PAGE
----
Rep. Alexandria Ocasio-Cortez, D-N.Y., was one of the fiercest critics of Amazon's plans to expand in a New York City neighborhood that bumps up against her congressional district, cheering the company’s eventual exit from Long Island City.
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In the one week since the e-commerce giant reneged on its $3 billion deal with New York to build half its second headquarters (HQ2) -- which it said would create 25,000 high-paying jobs and invest tens of millions of dollars in the local community -- Ocasio-Cortez has been forced to defend her stance against detractors.
The self-described Democratic socialist slammed the deal not only for offering $3 billion in tax breaks and incentives to the world’s richest man, but also for adversely affecting the Queens neighborhood that would have become home to HQ2.
“Did people realize that rent started going up $200, $300 a month in certain areas almost right off the bat?” she said during an interview with NY1 on Tuesday. “I don’t think other people are really looking economically at what’s going on.”
However, while Amazon’s interest in Long Island City did in fact spark a rush of real estate activity, rent prices did not actually appear to substantially change during that roughly three-month period, according to data published by StreetEasy.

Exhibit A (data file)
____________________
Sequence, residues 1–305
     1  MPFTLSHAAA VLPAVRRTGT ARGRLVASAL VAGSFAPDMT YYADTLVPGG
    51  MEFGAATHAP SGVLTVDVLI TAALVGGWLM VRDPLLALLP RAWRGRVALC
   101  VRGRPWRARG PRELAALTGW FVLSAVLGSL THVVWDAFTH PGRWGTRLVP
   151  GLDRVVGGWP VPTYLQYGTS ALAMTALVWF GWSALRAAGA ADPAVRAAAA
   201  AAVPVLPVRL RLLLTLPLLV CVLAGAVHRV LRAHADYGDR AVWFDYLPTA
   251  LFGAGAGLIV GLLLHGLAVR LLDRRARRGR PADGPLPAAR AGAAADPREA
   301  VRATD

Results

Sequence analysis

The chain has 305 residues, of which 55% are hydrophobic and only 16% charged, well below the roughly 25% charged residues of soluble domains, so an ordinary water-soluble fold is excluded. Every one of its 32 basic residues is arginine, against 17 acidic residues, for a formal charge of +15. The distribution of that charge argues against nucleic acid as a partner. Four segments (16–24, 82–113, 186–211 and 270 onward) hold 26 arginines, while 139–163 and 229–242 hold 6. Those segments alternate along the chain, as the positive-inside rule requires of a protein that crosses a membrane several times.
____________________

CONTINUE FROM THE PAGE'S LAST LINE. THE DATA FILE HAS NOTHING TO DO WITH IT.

In October, less than one month before Amazon selected New York to host one half of its HQ2, median monthly rental prices were $3,092. In December, after Amazon made the announcement, the median price was little unchanged $3,094. It fell to $3,066 in January.
As first reported by The Real Deal, however, StreetEasy does not track rent data for properties with existing tenants, and not all properties are listed on the website.
Ocasio-Cortez’s office did not respond to a request for comment.
To be sure, the median price of sales rose exponentially during that same time period. In October, the median price of home sales in Long Island City was $975,000, according to StreetEasy. By January, that spiked to $1,230,000.
Ocasio-Cortez also criticized the “immediate spike in rent” in a tweet on the same day of her NY1 interview.
“There’s no CHANCE that the speculative insider real-estate buys that were creating immediate spikes in rent in one of the most rent-burdened communities in NYC could have possibly been unpopular?” she said, referring to Amazon employees who bought property in Long Island City before the HQ2 deal was officially announced.